Born: Jul 28, 1941 in Naples, Italy
Genre: Symphony, Orchestral Music, Opera
One of the best-known conductors of recent times, Riccardo Muti is revered for charismatic, brilliant renderings of both concert and operatic repertoire. His father was a physician with a natural vocal talent who supported Riccardo's interest in music by giving him his initial piano and voice lessons. Muti then undertook formal musical studies at the Conservatorio di Musica San Pietro a Majella in Naples, where he earned a diploma in piano; his teachers there included Nino Rota, the well-known composer of film and concert music. Muti's education continued with studies in composition and conduction at the Verdi Conservatory in Milan, and a conducting seminar with Franco Ferrara in Venice.
Muti first came to widespread public attention as the winner of the prestigious Guido Cantelli Conducting Prize in 1967. Soon after that, he made his official debut, conducting the Italian Radio and Television Orchestra. He quickly became a sought-after guest conductor, and his successes in that capacity led to his first full-time appointment in 1970, as principal conductor of the Maggio Musicale of Florence.
All the while, Muti maintained a busy schedule of high-profile engagements, including annual appearances at the Salzburg Festival (beginning in 1971), and with the Berlin Philharmonic (1972). That year, he became principal conductor of the London Philharmonic (succeeding Otto Klemperer) and made his first appearance in the United States with the Philadelphia Orchestra. With the retirement of Eugene Ormandy in 1980, Muti becamee the Philadelphia Orchestra's music director. That proved to be the most illustrious and fruitful of Muti's professional associations, extending beyond his resignation in 1990 to a post as laureate conductor. Some have observed that Muti pushed the fabled "Philadelphia sound" toward increased brightness and incisiveness while preserving the ensemble's singular luster.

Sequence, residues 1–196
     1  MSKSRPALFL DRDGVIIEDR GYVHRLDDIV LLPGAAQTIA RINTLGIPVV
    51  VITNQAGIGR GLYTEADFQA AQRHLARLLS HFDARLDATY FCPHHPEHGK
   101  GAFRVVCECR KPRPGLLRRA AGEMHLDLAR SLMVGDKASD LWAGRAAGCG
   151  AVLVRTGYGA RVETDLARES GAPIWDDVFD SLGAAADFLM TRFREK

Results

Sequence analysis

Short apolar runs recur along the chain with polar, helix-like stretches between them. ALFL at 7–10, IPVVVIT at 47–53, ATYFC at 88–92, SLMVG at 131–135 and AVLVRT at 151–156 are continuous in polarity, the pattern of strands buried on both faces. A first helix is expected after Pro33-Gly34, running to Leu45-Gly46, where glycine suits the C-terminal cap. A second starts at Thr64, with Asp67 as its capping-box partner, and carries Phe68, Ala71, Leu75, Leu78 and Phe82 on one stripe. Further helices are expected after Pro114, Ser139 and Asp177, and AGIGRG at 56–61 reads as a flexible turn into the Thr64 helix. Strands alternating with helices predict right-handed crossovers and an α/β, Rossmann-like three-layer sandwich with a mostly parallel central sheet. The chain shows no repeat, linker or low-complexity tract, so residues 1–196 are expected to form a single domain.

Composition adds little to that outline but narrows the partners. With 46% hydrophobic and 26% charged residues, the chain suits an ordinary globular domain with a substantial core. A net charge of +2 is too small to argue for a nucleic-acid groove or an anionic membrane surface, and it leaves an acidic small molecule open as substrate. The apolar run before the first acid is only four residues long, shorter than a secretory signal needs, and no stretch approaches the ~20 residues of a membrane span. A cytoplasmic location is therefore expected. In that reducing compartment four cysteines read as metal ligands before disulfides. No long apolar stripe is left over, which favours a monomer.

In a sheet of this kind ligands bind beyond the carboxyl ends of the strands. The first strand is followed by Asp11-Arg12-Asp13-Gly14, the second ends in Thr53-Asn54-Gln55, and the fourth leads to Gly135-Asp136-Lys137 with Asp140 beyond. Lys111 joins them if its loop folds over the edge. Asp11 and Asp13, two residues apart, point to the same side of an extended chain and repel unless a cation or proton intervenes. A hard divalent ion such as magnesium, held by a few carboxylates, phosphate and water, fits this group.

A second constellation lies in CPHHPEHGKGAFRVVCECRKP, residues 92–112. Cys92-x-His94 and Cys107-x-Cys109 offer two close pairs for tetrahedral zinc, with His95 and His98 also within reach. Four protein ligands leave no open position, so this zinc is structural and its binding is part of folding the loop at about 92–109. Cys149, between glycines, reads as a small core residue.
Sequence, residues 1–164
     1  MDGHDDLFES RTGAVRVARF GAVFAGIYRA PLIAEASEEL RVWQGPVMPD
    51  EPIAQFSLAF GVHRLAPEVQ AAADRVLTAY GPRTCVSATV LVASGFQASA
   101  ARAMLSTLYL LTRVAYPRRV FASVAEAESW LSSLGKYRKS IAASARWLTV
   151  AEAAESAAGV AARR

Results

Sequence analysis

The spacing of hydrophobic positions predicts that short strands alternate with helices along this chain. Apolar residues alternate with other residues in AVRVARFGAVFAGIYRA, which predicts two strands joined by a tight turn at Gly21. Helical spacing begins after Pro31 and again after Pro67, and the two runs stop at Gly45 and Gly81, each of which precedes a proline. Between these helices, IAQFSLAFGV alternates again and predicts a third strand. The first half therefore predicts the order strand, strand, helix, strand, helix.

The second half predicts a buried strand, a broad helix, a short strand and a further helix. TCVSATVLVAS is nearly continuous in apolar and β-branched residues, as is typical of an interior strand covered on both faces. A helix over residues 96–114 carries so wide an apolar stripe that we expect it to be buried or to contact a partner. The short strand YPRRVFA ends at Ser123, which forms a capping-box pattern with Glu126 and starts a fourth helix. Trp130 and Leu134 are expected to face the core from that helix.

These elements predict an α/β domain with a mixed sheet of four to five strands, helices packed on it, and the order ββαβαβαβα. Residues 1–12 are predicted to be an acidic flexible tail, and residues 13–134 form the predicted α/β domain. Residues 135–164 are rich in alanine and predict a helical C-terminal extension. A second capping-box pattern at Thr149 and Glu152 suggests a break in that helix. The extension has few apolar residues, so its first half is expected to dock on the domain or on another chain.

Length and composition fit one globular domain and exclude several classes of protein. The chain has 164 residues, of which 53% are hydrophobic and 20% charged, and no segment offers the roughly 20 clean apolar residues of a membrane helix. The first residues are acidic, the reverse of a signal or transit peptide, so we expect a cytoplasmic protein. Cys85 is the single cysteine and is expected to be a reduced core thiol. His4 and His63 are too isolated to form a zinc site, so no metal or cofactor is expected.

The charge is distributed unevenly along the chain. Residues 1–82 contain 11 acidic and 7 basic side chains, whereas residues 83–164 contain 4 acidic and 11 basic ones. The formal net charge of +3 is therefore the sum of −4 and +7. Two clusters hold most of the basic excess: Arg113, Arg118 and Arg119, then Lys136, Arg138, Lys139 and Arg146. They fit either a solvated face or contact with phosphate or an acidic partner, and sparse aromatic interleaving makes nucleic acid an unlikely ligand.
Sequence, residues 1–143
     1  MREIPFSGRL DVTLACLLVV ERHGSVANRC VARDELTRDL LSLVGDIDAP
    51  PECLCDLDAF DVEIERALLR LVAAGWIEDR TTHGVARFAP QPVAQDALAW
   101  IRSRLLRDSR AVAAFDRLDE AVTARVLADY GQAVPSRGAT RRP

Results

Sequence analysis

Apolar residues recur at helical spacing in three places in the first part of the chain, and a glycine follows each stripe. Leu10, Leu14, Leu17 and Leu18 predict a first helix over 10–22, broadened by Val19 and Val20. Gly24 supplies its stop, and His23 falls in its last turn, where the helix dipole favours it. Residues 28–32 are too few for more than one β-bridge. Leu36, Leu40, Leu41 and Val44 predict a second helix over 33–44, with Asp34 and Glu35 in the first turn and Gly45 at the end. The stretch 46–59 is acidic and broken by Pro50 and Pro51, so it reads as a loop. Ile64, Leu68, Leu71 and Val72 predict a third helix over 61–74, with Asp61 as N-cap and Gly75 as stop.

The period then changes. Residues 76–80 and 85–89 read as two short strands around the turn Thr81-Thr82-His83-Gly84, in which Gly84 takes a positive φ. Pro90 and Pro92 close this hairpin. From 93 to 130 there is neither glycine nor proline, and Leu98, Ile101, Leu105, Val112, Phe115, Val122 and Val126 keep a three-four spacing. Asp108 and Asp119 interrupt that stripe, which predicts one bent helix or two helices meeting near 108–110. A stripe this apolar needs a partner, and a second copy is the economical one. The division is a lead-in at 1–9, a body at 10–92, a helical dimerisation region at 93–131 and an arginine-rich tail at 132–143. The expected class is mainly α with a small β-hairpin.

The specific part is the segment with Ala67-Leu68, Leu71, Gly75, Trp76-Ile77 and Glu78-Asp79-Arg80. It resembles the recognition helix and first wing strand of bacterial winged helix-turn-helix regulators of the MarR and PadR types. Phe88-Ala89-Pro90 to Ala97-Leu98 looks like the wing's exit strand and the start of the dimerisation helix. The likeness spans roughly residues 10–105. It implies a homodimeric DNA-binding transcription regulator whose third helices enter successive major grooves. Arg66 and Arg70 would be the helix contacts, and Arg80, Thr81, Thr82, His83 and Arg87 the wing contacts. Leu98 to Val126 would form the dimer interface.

Before taking the helm of the Philadelphia Orchestra, Muti continued his journey toward international stardom in posts with the New Philharmonia Orchestra, and the Vienna State Opera. During his tenure in Philadelphia, In 1986 Muti also assumed the music directorship of La Scala, eventually becoming one of the few conductors to succeed equally in operatic and concert realms. His 1974 recordign of Aida with Placido Domingo and Montserrat Caballe is a classic of the operatic genre. Muti has proven himself particularly versatile in operatic repertoire, excelling in interpretations of Mozart, the Italian Romantics, Wagner, and the masterpieces of the twentieth century. Of a 2003 live CD release of a La Scala production of Tosca that Muti conducted, Opera News noted that the maestro "keeps things moving along with his usual admirable fidelity."
All Music Guide